I have nothing against Sami Youssef and still listen to him. But that particular song reminded me of painful times. That bad feeling of injustice, helplessness and unanswered questions. Now I avoid listening to it, because I’m afraid of having that gloomy vision of myself again… Me, sitting there, calm on the surface, agitated within, and helpless; horribly helpless.
Sometimes I hate the links my brain establishes. They just prevent me from doing what I want any time I want…and even from going where I want sometimes! Yes. This happens also with places. They are always linked to particular events in my mind... first times, last times, incidents, happy ones (with a smile) sad ones (wih a sigh, or just some kind of negative feeling)…
I know this needs therapy. I need to train myself on break those links that haunt me. But this needs time. And all I know for the moment is that I want my memory to be short.

I need to be free!

Tuesday, November 21, 2006

"Wa shahida shahidun min ahliha"

Today the New York Times published an article about a set of documents that were kept secret by the Israeli government. The documents (which include maps and figures) prove that 39% of the land where the Israeli settlements are located in the West Bank are private property originally owned by Palestinians. They also show, among other things, that 40% of the land that Israel intends to keep if any peace agreement is reached is private as well.

The documents were unveiled by "Peace Now, an Israeli group that advocates Palestinian self-determination in the West Bank and Gaza Strip."

Monday, November 20, 2006

Flash back

I don’t know what reminded me of that day. This happened years ago back in my native city. I was around 2, unaware of complex realities. But big people were certainly aware. They were gathered to celebrate something; or probably mourn something. My innocent gaze followed their movement. Tall bodies, with faces not all the time familiar.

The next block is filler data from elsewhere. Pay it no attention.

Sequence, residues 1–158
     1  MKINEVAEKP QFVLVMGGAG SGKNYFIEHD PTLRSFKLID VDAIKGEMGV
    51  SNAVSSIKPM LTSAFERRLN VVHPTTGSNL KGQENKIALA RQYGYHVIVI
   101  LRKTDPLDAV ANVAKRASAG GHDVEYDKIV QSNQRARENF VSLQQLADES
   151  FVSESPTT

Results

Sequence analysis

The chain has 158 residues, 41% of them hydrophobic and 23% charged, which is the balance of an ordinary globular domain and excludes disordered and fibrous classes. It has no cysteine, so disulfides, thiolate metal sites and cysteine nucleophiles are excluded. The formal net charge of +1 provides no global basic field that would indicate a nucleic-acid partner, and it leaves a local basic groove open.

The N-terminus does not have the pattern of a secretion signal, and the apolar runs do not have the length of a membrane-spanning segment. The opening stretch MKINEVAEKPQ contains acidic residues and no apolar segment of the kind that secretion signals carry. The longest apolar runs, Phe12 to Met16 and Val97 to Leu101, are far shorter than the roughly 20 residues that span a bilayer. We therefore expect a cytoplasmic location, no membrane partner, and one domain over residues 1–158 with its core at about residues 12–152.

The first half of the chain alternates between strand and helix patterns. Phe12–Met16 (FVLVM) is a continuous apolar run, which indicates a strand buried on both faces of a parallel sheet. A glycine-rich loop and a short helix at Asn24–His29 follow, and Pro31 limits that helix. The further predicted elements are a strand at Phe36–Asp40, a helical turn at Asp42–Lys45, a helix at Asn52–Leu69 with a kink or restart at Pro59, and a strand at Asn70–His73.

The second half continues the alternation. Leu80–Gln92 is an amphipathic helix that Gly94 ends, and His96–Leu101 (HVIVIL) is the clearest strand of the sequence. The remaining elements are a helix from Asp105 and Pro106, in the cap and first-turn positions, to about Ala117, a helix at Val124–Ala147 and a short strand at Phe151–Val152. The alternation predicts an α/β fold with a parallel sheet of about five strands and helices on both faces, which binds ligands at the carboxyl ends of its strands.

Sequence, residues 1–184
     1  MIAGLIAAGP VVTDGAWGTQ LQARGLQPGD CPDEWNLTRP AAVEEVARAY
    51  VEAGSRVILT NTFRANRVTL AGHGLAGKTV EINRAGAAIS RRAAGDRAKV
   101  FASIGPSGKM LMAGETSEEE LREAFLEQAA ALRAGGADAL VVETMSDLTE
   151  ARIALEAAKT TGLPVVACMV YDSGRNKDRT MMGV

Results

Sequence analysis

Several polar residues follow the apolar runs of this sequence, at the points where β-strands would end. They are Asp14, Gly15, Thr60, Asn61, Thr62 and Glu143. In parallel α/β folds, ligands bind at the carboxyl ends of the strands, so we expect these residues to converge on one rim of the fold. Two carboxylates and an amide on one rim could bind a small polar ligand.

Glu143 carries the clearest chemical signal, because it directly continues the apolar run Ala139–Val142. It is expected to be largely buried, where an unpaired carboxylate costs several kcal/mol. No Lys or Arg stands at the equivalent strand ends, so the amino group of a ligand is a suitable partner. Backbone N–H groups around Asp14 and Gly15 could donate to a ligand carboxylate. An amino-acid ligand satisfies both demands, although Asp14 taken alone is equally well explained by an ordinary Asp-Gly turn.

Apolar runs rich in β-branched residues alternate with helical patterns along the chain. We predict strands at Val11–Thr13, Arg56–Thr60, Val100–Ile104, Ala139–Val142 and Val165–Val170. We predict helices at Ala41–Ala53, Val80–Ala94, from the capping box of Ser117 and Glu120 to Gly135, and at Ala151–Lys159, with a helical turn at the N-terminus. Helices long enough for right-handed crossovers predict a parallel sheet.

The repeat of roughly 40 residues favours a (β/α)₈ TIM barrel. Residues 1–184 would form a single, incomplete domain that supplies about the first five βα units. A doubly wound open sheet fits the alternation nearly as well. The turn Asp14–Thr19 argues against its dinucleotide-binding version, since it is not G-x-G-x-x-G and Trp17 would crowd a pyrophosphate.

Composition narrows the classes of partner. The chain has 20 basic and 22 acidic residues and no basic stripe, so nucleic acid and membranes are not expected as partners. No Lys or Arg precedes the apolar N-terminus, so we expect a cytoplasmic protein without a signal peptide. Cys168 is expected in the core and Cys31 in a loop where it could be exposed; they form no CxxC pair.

My mother was there as well. Something special showed on her face... She was calm and serene, as usual, but there was something else. She was like… crying! Her eyes were humid, her gaze lowered, and the white garment she wore shed a luminous glow on her rosy cheeks… inflamed with tears. But she was silent... What could she say after all…

My brother was dead.

Sunday, November 19, 2006

Back to enthusiasm

Here we go…

After long resistance, I’m finally giving in (willingly:)) to the blogsphere temptation! A lot to say and a lot more to hear… I’ve been an external observer for a while, sometimes amazed by the content of some blogs, sometimes surprised, affected, or just left unmoved by others… Today I’ve moved closer, my head slowly showed through the door, with a light smile on the face, my eyes wide open. I made the first step...

Let’s see what this new experience will bring (apart from my poor forgotten meal, burnt while I was fixing my new blog!!! hahaha)

"Nice" start you will say… probably!! After all, I’m just a daily learner of this Big World… :)